Pronounced may-tawd shaw-pah-nuaz, it is the traditional way to make Champagne and sparkling wine, and is a sign of quality. It requires the secondary fermentation to be in the bottle, which can last anywhere from several months to 6 years. It is sometimes referred to as méthode traditionelle.
The secondary fermentation is accomplished by adding a mixture of sugar and yeast, called liqueur de triage to the still wine. It is then bottled and capped (with what looks like a beer bottle cap) and laid down to begin the secondary fermentation. The resulting carbon dioxide stays in the bottle, giving the wine those famous bubbles.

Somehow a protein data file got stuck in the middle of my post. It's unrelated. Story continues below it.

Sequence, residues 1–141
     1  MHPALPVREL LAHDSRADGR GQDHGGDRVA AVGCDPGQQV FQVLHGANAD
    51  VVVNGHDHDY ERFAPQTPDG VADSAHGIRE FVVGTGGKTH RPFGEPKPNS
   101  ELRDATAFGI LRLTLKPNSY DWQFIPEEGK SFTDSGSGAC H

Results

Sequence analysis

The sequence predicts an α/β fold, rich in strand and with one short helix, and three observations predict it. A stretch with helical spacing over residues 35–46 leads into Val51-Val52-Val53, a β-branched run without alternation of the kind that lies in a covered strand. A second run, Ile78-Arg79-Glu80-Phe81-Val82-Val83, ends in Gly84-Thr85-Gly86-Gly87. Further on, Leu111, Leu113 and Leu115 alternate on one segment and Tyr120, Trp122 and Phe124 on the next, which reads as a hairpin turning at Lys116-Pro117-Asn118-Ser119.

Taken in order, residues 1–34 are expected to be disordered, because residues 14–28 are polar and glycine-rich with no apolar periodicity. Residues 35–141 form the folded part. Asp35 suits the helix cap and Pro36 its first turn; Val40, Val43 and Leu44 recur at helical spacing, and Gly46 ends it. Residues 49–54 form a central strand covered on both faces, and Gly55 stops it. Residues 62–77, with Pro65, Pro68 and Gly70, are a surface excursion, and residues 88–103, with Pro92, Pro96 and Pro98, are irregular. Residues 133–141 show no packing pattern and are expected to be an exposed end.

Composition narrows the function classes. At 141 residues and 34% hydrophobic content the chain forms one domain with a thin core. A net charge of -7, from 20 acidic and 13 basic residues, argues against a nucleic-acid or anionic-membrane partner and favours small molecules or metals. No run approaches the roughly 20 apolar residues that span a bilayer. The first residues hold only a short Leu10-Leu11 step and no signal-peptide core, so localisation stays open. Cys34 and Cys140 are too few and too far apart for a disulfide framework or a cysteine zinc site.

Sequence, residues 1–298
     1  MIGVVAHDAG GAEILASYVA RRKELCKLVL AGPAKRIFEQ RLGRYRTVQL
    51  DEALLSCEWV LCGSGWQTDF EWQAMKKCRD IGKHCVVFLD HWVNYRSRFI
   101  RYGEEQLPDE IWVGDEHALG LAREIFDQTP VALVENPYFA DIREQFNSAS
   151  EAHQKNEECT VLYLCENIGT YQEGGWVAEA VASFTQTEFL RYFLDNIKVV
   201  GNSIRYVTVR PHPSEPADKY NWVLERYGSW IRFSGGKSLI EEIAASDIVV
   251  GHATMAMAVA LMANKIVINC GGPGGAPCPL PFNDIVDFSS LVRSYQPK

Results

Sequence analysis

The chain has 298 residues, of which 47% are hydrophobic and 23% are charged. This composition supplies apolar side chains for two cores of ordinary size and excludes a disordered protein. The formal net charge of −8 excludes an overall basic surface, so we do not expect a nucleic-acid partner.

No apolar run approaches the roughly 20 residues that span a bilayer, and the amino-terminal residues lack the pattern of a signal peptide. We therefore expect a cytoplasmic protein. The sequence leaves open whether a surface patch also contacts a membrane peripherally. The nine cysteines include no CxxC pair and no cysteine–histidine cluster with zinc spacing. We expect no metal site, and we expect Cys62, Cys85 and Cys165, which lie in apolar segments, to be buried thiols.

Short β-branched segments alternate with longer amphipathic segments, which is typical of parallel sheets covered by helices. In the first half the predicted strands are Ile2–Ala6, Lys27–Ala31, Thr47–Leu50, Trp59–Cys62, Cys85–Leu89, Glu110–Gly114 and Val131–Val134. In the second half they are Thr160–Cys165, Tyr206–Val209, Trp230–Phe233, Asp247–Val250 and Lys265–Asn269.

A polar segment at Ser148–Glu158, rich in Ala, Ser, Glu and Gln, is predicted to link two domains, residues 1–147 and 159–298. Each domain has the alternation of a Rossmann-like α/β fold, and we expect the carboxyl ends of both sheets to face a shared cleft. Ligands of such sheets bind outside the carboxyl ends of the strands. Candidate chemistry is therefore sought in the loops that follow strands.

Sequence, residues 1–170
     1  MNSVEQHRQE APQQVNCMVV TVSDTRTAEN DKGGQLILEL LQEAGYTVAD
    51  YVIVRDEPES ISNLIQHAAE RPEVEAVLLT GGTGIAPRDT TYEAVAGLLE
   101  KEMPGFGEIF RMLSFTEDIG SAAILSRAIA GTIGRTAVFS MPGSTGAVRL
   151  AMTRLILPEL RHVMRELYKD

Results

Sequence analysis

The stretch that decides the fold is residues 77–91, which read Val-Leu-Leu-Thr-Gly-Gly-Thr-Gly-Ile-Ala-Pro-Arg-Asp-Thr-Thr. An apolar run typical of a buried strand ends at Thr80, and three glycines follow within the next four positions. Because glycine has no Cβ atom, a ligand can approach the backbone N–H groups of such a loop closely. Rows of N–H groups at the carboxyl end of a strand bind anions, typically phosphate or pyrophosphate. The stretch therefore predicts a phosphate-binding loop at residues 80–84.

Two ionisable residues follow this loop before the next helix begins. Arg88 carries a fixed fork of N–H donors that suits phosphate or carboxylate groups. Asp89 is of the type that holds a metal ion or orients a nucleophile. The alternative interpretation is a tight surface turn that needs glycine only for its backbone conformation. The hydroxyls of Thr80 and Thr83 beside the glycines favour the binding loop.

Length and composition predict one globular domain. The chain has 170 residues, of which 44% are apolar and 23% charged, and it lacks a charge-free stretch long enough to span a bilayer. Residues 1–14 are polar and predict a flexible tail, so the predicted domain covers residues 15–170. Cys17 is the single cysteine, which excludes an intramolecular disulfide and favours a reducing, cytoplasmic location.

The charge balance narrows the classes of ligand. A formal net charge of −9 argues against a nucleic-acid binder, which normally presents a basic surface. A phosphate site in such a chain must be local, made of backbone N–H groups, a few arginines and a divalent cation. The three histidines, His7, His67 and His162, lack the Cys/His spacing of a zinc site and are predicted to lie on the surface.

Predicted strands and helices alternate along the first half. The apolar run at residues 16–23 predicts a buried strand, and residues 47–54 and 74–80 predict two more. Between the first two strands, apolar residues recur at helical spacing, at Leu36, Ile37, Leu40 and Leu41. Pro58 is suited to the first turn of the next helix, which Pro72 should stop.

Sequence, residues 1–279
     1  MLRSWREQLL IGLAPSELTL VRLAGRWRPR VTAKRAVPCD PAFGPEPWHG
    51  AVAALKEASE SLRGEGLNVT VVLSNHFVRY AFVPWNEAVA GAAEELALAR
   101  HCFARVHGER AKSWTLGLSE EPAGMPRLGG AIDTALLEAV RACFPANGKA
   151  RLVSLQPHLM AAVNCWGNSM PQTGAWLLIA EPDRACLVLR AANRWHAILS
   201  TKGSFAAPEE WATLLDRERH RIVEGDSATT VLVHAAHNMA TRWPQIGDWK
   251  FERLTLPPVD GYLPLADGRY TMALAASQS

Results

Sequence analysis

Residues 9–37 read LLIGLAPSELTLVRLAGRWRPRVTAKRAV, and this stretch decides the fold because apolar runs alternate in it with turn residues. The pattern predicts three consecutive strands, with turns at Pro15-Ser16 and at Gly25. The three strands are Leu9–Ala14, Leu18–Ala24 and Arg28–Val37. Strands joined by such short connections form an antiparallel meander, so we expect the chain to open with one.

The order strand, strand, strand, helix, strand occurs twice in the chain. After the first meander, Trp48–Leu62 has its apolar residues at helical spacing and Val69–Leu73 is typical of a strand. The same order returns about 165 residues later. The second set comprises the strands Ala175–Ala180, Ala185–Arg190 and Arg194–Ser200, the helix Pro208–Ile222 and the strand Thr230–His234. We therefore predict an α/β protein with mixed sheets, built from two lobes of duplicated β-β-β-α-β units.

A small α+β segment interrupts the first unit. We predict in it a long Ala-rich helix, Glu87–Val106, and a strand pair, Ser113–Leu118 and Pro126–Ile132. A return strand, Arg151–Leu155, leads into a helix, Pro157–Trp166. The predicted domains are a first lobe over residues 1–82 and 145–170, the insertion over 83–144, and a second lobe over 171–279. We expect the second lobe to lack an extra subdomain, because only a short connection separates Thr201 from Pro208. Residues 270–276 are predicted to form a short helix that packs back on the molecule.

It is at the end of this process that the cap is removed and replaced with the familiar cork and wire cage.